Thursday, September 22, 2016

The Wounded Angel (Hugo Simberg), Sonnet #316

We found her nearly conscious under the willow,
Her wings so wet she must have come from the river.
We ripped a strip from her gown's hem and wrapped her brow.
A gash meant to us someone could not forgive her.
We dared not wipe the blood from her broken pinions,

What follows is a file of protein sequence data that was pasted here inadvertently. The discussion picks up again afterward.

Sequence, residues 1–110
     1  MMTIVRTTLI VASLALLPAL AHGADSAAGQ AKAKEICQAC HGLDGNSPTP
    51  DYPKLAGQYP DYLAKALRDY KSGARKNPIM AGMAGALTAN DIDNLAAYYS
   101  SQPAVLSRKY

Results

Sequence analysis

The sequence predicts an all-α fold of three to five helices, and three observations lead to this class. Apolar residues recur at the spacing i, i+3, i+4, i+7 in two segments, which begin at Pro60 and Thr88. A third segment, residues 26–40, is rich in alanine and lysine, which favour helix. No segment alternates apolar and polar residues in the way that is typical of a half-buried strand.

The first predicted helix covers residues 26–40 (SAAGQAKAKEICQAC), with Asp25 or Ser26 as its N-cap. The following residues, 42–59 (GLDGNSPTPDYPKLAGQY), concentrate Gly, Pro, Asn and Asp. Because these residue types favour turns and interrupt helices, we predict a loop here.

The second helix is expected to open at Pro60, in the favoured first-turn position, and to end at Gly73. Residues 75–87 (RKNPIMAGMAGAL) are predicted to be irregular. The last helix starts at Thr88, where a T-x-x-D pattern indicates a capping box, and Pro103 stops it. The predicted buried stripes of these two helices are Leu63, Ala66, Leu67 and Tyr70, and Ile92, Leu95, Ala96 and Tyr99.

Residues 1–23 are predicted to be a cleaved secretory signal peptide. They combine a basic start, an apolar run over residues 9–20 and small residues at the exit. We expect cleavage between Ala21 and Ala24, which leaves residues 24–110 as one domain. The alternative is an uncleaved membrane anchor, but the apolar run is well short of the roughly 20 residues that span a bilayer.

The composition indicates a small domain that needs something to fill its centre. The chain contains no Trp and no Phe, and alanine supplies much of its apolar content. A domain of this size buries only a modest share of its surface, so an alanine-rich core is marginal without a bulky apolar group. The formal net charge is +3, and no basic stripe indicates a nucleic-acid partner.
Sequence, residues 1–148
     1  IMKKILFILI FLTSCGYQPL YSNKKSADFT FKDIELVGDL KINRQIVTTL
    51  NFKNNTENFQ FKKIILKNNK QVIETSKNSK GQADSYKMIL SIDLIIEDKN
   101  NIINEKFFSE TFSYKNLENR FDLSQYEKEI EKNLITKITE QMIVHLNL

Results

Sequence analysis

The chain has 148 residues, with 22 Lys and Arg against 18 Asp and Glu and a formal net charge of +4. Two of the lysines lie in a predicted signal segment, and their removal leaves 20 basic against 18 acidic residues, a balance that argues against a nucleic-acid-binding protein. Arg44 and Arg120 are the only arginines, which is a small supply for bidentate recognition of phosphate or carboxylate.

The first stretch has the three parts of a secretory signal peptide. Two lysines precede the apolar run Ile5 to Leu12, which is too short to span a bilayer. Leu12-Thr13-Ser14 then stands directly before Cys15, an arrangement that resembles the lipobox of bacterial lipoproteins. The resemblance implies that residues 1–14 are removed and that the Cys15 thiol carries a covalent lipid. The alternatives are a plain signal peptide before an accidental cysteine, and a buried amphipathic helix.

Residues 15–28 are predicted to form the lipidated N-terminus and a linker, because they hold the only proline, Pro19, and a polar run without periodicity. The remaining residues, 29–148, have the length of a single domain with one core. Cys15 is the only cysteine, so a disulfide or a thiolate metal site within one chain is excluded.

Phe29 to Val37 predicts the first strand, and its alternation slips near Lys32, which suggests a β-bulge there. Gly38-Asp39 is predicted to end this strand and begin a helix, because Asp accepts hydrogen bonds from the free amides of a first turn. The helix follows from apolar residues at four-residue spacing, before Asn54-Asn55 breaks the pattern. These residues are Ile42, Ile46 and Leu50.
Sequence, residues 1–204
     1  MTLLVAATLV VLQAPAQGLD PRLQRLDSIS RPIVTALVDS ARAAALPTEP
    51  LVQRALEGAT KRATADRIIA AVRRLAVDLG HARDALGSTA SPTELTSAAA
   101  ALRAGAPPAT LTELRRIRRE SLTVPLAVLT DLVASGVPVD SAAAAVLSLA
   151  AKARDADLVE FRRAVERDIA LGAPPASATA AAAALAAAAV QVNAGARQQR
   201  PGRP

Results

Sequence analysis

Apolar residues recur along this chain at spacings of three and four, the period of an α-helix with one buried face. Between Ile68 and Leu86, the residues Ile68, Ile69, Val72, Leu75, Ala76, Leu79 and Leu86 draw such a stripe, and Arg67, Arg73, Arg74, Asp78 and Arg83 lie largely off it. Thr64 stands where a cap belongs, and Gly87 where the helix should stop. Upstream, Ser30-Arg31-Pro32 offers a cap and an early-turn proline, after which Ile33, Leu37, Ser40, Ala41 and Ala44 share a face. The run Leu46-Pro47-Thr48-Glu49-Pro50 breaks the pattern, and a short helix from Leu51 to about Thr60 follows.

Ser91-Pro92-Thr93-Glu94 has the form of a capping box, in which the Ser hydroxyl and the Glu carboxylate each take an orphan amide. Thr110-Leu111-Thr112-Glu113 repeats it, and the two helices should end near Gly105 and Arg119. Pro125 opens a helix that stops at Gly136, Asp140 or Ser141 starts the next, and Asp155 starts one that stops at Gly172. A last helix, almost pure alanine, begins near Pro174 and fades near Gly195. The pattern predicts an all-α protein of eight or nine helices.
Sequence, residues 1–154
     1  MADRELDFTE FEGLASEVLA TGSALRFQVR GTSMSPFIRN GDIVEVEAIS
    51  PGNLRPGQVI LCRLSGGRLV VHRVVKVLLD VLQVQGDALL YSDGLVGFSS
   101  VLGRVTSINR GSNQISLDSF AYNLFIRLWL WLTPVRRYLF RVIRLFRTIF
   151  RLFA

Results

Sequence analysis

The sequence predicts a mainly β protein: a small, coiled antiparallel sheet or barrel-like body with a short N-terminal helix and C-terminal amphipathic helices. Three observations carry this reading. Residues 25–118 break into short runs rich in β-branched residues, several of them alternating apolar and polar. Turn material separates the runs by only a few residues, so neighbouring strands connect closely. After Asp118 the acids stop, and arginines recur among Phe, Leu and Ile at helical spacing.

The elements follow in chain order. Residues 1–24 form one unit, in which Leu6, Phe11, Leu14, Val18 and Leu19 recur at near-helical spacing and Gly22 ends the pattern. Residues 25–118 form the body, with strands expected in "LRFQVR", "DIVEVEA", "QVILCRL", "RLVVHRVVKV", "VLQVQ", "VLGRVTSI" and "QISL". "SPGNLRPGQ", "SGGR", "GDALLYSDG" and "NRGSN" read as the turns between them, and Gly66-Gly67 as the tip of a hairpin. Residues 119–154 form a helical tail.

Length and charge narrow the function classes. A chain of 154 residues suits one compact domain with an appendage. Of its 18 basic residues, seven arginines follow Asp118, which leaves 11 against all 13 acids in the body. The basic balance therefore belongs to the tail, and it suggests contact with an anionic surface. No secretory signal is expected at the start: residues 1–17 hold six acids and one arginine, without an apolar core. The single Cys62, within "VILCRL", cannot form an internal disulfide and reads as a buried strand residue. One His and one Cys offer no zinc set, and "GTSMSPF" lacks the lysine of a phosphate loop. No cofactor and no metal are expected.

Afraid that it might make us bleed or break our hands.
We remembered stories about the Lord's minions --
How their feathers had beaten mountains into sands.
Our minds blazed awe. She whispered, "No superstitions."
We cut two branches from an ash and made a chair
To carry her. She rose and sat, like light, like air.
She clutched five snowdrops we had taken from her hair.
We asked her how we should go. She pointed
At the river. "There," she said, "We are anointed."

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